Is Weight Gain at Menopause Inevitable?

Is weight gain at menopause inevitable? I will say at the onset that this article is intractably depressing! From the New York Times - click to see the piece. At menopause, I experienced a sudden and dramatic weight gain. I was healthy and exercised moderately five times a week for 30-plus years; I have always been careful about my diet, eating only healthy fresh food that I prepare myself. I am not sleep deprived. After trying various diets, I cannot get rid of this extra 15 pounds, and I’ve moved into the officially “overweight” category. What happened? Am I doomed to eat only lettuce in the future? Many women in middle age complain about stubborn belly fat. Research suggests that this is indeed a common feature of menopause. In a large study carried out by the International Menopause Society in 2012, researchers reviewed decades of research and concluded that the hormonal shifts of menopause change the distribution of body fat, making it more likely to accumulate in the abdomen. The drawbacks of this are more than just cosmetic: The accumulation can also increase the risk of insulin resistance and cardiovascular disease. Last year, researchers at the Mayo Clinic took a closer look at the phenomenon by comparing fat tissue in pre- and post-menopausal women of similar ages. At the cellular level, they found that two enzymes that work to synthesize and store fat were more active in the postmenopausal women, which the researchers attributed to drops in estrogen.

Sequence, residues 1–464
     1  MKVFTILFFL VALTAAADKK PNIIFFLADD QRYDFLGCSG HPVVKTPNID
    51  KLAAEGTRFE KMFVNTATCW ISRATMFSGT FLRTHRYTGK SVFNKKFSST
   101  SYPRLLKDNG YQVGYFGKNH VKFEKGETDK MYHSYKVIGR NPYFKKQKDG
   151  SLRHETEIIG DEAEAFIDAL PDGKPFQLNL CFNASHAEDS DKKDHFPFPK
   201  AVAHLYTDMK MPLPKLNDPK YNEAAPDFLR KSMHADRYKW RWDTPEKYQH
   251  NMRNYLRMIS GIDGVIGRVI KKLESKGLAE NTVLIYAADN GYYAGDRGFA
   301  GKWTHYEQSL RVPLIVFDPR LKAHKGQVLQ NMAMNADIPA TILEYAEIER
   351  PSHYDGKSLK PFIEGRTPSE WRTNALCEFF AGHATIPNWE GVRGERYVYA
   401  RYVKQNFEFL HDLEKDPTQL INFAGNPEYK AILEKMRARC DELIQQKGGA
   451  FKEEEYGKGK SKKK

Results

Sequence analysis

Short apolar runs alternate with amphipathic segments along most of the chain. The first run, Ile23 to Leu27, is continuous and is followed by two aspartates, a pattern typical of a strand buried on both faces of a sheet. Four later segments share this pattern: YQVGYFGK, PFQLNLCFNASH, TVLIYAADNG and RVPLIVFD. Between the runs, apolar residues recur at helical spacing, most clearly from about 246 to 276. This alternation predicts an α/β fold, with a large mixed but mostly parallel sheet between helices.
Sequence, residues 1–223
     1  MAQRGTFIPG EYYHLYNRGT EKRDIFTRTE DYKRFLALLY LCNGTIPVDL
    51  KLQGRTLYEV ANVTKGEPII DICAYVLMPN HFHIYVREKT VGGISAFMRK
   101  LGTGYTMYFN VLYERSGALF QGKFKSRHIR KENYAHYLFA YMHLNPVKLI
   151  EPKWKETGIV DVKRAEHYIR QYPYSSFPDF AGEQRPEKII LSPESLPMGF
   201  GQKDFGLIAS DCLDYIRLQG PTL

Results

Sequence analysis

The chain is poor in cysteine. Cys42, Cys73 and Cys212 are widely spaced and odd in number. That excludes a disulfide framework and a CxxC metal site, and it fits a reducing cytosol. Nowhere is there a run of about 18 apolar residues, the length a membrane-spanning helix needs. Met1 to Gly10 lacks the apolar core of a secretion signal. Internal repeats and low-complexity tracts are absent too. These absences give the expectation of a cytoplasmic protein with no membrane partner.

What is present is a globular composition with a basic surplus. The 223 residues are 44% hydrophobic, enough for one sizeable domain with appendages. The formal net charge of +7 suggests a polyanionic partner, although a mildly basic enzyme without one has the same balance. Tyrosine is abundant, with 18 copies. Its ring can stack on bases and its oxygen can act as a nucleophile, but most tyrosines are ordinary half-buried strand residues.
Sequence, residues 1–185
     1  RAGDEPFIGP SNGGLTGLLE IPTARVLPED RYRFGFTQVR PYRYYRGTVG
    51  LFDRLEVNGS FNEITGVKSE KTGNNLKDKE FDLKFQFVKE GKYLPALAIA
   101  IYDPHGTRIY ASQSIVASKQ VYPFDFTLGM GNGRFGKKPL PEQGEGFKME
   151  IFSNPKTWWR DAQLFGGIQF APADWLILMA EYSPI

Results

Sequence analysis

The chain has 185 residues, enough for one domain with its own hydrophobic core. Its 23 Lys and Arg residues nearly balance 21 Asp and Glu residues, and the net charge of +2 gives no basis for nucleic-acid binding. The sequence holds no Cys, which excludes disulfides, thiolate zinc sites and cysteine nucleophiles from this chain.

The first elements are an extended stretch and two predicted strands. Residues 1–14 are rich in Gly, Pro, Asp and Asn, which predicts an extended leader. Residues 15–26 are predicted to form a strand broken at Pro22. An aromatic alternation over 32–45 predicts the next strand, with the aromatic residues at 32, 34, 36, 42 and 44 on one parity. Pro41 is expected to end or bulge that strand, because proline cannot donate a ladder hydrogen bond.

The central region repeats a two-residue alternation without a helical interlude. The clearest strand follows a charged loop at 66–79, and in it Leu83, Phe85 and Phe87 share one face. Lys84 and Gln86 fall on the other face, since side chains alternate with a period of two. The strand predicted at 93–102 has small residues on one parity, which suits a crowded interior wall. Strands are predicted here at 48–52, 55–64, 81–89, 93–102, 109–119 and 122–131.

Experts also say that decreases in metabolism mean that women gain an average of 10 pounds around menopause, but they can also lose weight through diet and exercise. One study that underscored this was published in the journal Menopause in 2012. Researchers randomly assigned about 17,000 postmenopausal women who were not using hormone therapy to one of two conditions, either a control group, or another group that was put on a diet with increased intake of healthful foods like fruits, vegetables and whole grains. After a year, women in the diet group had fewer hot flashes and they were three times as likely to have lost weight. In one randomized trial called the Women’s Healthy Lifestyle Project, 535 premenopausal women were followed through menopause. About half of the women were assigned to follow a low-calorie diet (about 1,300 calories daily) and burn an extra 1,000 to 1,500 calories weekly through physical activity. After five years, the women in the diet and exercise group saw greater reductions in their waistlines, and they were more likely to have remained at or below their baseline weight. So while weight gain is common at midlife, it’s not a foregone conclusion. That said, women who want to avoid midlife weight gain will have to work harder at keeping weight off by taking in fewer calories and burning more through exercise.